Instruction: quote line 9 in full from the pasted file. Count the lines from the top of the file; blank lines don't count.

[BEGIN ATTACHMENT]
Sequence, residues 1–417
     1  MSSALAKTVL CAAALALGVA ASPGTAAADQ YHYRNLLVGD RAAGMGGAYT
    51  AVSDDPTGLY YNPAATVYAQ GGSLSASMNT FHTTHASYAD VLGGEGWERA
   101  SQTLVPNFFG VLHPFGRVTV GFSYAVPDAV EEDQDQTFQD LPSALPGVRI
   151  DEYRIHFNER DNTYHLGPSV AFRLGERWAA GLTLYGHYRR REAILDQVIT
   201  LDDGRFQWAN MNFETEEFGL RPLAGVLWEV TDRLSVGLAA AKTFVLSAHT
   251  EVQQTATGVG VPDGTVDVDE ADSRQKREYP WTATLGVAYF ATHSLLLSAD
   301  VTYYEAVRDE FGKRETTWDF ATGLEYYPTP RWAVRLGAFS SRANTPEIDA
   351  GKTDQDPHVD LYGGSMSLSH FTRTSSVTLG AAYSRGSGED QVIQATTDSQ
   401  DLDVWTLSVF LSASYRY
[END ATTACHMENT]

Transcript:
   351  GKTDQDPHVD LYGGSMSLSH FTRTSSVTLG AAYSRGSGED QVIQATTDSQ